Eating Healthy: Portion Control
The “super-sized” phenomenon has been in the news a lot lately, (particularly with New York City’s proposed ban on super-sized soda,) but while most Americans are aware that fast food restaurants serves large, calorie-packed quantities of food, sometimes, it is not as apparent that conception of portion control can be an issue at home, as well.
Hand in hand with proper portions, it is important to have accurate knowledge of the approximate* number of servings. For those who need a reference, here is a brief listing** of what most adult women should strive for:
- 9 servings of bread, cereal, rice and pasta
- 4 servings of vegetables
- 3 servings of fruits
- 2-3 servings of milk, yogurt and cheese
- 6 oz. of meat, poultry, fish, beans, eggs & nuts
Yet what, precisely, is a serving of pasta? 1/2 cup, cooked. If you were to eat 2 servings in one meal, you would be eating the equivalent to a tennis ball.
How about a serving of milk? 8 ounces, which is usually about the size of your fist.
For a printable guide of visual references for portion size, click here***.
Now, if you have been eating larger portions than you would like, here are some tips to help you start eating healthier amounts at meals:
- Use your dinnerware
There are a few prongs to this suggestion.
The first: try to use small serving bowls when eating snack items such as chips, which will make you less likely to indulge than if you eat straight out of the bag.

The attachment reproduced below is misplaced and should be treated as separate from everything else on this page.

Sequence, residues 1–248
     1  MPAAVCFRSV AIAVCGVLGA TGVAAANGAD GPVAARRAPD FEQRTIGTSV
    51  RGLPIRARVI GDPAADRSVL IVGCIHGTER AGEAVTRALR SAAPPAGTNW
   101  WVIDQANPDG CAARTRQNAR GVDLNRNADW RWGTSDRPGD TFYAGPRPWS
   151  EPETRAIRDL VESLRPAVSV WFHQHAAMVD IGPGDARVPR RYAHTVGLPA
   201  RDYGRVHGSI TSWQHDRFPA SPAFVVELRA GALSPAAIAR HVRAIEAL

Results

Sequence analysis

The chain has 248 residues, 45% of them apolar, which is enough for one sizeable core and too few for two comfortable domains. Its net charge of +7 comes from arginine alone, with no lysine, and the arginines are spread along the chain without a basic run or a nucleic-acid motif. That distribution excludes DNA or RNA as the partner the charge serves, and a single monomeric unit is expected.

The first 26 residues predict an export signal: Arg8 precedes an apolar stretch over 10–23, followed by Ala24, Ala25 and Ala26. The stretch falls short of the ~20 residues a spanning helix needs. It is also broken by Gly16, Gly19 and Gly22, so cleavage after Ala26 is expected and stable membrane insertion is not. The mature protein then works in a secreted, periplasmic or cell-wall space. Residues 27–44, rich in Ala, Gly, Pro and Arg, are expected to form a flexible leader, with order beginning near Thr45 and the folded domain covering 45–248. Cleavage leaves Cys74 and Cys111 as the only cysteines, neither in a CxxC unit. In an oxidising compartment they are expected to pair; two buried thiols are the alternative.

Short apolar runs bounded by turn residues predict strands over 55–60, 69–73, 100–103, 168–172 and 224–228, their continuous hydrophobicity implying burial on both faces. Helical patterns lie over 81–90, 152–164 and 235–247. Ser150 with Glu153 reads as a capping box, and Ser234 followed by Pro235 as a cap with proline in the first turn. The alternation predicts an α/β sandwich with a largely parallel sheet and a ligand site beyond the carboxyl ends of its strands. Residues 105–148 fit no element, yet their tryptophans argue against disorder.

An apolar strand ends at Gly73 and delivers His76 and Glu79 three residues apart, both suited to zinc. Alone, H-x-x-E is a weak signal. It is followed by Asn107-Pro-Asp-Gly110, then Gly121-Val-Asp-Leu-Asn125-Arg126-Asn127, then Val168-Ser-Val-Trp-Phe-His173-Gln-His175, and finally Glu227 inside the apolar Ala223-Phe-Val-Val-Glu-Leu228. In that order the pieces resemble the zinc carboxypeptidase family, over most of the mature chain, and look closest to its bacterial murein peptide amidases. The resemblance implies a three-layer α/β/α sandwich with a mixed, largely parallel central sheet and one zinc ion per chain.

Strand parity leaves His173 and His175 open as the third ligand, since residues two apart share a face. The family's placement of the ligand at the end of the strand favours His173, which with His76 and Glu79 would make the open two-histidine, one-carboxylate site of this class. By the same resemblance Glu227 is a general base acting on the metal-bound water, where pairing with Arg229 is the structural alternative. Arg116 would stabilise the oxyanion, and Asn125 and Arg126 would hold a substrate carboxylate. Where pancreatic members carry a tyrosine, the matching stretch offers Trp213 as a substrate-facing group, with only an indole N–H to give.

The second: try to use smaller dinnerware. Buying larger bowls, plates, etc., will encourage you to put more food on your plate. Also, buying square plates tends to suggest smaller amounts of food. If there is less food on your plate, you are less likely to overindulge.
- When eating out, ask that half of your meal be boxed up to take home
Most restaurants serve larger portions than you really want to eat, but once those large portions are on your plate in front of you, it can be difficult to stop yourself from eating when you are full.
- Eat more frequently.
Eating smaller meals more often is better for your digestion than a few large meals. Waiting to eat a few large meals can actually promote bingeing, so try to eat smaller meals and snacks throughout the day.
Becoming informed with regard to what a correct portion size is is an important step in trying to eat healthy. Do you have any tips or tricks regarding portion control? Share them in the comments below!
*The exact number of servings varies depending on the person’s height, weight, lifestyle, etc.
**This Livestrong article was an excellent source for deriving recommended servings.
***This excellent guide was created by and is available at WebMD.